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8 Foods That Help Wean Your Baby Off Breast Milk, According To Experts

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When you're ready to stop breastfeeding, there will be a transition period for you and your little one. To make this process a little smoother, you can start to introduce foods that help wean your baby off breast milk. These foods will still give them the nutrients they need, get them excited about eating, and prepare them for success when you've reached a stopping point.

When you choose to wean your baby is completely up to you, but after age one the breast milk will be a supplement to a child's diet rather than the majority of it. "When babies turn 12 months old, their nutritional needs shift from liquids to solids," pediatrician Whitney Casares M.D. tells Romper. At that point they are commonly introduced to "cow's milk or other appropriate alternative milks." Before that, breast milk (or formula) is the main source of nutrition for a baby and "most experts recommend starting to introduce solid foods to your baby at 6 months of age," according to Jillian Kubala, M.S., R.D., and a Healthline Medical Advisor. Over the course of this time, you can start introducing your baby to different nutrient-rich foods to prepare them for the weaning process.

It's important to remember that weaning is not a cut-and-dry process. "Weaning should be a transition, removing a feeding every few days to help adjust the baby," dietician Anita Mirchandani, M.S., R.D., C.D.N., tells Romper. "Each baby is different and will respond differently." So, don't get discouraged if you hit some bumps in the road along the way. Dr. Casares recommends "cutting out pumping sessions or direct breastfeeding sessions slowly over time if possible to help your body and your baby handle this transition smoothly." Also, Mirchandani notes "weaning could make a child more clingy due to the fact they were used to more physical connection, so try to make it up with other physical interaction that’s similar such as hugging, cuddling, [and] one-to-one time."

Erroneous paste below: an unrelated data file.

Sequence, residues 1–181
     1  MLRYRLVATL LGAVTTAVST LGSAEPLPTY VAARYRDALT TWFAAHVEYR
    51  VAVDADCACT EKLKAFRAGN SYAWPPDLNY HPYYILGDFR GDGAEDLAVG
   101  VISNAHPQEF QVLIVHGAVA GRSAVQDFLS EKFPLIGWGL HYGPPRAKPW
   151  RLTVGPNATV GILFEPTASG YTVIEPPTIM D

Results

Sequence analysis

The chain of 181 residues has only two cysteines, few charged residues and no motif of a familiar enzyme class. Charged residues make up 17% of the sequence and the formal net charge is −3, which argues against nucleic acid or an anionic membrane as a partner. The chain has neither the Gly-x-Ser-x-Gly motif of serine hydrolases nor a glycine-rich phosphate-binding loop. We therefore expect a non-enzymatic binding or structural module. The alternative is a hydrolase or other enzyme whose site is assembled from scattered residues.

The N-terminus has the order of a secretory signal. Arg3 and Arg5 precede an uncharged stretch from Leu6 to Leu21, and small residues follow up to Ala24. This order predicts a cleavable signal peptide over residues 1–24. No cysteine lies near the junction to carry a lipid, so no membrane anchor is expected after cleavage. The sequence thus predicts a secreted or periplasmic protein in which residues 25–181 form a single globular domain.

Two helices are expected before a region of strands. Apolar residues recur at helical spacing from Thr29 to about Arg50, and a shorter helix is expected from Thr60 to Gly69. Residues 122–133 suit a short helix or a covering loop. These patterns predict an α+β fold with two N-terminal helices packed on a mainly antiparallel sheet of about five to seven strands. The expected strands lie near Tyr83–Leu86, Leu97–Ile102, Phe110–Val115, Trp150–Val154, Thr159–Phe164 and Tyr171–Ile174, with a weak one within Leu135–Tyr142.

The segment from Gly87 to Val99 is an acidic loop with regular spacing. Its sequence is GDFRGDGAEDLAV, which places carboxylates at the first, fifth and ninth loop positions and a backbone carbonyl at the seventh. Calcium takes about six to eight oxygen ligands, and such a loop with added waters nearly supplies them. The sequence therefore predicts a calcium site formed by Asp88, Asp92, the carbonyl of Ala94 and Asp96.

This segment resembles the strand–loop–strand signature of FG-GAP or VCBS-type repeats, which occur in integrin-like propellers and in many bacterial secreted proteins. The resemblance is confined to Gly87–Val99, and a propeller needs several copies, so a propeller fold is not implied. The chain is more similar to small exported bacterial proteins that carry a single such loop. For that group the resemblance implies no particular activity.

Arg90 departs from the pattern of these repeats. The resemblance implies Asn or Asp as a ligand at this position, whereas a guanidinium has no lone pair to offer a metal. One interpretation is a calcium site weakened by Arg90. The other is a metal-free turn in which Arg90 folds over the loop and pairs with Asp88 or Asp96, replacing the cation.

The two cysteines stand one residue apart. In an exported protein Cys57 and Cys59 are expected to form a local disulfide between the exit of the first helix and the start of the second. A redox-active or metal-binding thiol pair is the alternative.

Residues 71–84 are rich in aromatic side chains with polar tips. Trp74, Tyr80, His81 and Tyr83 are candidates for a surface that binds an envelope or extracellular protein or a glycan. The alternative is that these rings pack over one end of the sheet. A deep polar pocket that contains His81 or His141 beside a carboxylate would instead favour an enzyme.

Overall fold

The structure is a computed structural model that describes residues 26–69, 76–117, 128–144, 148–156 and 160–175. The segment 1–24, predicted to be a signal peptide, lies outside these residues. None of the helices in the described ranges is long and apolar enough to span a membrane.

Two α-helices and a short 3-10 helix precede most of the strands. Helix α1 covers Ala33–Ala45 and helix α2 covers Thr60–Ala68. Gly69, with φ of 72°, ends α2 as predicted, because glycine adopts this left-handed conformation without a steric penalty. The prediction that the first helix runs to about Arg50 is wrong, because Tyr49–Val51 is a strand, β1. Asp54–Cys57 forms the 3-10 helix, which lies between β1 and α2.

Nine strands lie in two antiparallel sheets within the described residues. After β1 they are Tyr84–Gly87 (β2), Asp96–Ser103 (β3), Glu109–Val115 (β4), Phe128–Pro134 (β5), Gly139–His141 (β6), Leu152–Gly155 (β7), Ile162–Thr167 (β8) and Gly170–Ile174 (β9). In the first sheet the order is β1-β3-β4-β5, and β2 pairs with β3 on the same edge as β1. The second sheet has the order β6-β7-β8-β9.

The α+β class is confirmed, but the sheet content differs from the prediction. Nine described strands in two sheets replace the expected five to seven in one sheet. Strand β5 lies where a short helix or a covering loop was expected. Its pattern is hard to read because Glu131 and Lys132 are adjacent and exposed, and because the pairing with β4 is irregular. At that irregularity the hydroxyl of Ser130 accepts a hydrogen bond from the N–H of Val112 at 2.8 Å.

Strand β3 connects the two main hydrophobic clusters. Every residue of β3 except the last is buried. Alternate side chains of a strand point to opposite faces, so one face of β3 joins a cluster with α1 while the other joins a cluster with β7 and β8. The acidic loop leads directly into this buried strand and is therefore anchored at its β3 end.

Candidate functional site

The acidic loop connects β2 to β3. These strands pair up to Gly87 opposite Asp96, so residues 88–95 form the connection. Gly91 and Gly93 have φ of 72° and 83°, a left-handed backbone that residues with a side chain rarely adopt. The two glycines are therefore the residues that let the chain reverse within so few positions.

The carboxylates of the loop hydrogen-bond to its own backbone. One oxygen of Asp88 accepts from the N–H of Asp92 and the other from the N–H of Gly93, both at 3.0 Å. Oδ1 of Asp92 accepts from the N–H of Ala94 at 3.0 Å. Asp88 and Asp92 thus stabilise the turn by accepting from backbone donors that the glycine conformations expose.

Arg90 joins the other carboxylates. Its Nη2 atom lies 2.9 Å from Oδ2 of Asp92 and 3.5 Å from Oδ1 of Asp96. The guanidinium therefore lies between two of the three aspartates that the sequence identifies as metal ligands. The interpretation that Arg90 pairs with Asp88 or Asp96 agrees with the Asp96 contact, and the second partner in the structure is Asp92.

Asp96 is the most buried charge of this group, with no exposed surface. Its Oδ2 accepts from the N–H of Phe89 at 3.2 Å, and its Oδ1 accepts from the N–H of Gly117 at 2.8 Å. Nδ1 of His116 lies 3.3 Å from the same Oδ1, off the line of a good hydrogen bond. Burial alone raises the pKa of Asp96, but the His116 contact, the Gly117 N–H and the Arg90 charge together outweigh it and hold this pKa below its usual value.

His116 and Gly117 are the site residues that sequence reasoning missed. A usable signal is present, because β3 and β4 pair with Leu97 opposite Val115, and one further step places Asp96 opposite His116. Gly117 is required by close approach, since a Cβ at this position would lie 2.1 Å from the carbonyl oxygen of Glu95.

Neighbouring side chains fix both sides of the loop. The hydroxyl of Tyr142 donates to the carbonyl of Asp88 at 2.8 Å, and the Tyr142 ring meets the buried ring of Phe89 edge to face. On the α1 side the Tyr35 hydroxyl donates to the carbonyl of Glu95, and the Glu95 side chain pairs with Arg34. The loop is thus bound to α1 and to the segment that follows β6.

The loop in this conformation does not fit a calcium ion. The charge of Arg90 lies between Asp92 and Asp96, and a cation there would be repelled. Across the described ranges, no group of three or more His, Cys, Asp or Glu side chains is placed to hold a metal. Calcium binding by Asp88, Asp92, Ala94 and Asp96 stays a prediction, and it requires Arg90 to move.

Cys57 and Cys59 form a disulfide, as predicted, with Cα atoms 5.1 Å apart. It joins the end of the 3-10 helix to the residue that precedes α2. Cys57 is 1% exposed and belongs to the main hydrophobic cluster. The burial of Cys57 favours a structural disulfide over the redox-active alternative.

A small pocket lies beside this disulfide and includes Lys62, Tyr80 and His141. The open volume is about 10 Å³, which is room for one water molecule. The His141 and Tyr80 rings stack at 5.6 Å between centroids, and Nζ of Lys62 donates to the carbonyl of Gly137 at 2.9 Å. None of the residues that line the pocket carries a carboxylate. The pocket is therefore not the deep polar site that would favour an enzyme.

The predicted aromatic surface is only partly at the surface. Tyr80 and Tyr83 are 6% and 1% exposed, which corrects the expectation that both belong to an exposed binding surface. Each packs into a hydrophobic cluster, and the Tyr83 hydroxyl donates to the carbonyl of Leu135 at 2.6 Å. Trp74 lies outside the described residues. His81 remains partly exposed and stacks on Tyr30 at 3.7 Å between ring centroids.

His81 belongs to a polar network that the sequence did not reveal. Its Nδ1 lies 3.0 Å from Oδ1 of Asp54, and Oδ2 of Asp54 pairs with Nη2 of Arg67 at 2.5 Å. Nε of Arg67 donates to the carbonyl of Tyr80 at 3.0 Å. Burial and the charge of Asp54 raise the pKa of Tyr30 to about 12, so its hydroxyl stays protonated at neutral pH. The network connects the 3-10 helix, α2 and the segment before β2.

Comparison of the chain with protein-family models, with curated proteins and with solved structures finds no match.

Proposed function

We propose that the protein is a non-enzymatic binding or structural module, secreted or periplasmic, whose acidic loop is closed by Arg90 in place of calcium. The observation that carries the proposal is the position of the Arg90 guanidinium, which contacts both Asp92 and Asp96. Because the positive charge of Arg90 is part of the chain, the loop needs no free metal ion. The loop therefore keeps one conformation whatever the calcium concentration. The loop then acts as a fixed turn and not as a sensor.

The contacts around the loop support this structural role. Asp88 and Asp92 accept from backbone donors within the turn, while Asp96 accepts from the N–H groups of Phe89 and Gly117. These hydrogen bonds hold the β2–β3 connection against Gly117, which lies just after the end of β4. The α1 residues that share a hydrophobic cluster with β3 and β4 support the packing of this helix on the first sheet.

As for what foods to give your baby, Dr. Casares says, "Introducing a wide variety of solid foods... during this transition helps kids develop a diverse palate and encourages healthy weight gain." That being said, Kubala recommends "Avoid[ing] foods that are high in added sugar or highly processed" and urges parents to speak to their child's doctor before "introducing allergenic foods like peanuts and shellfish." Otherwise, there are a lot of delicious foods for your little one to explore, and to get them one step closer to weaned.

1. Avocado

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Avocados are a good source of healthy fats, and are easy to smash up for babies at least 6 months old to eat. Both Mirchandani and Kubala recommend this as an early food for your baby.

2. Cooked Carbohydrates

Introducing your little one to some carbohydrates requires a little work, since they need to be cooked enough to be soft or smashed. If you're up for the task, Mirchandani and Kubala recommend butternut squash, pumpkin, and potatoes. Mirchandani suggests waiting until your baby is 9 months old for smashed potatoes, but says 6 months is a great time to start feeding them butternut squash and pumpkin.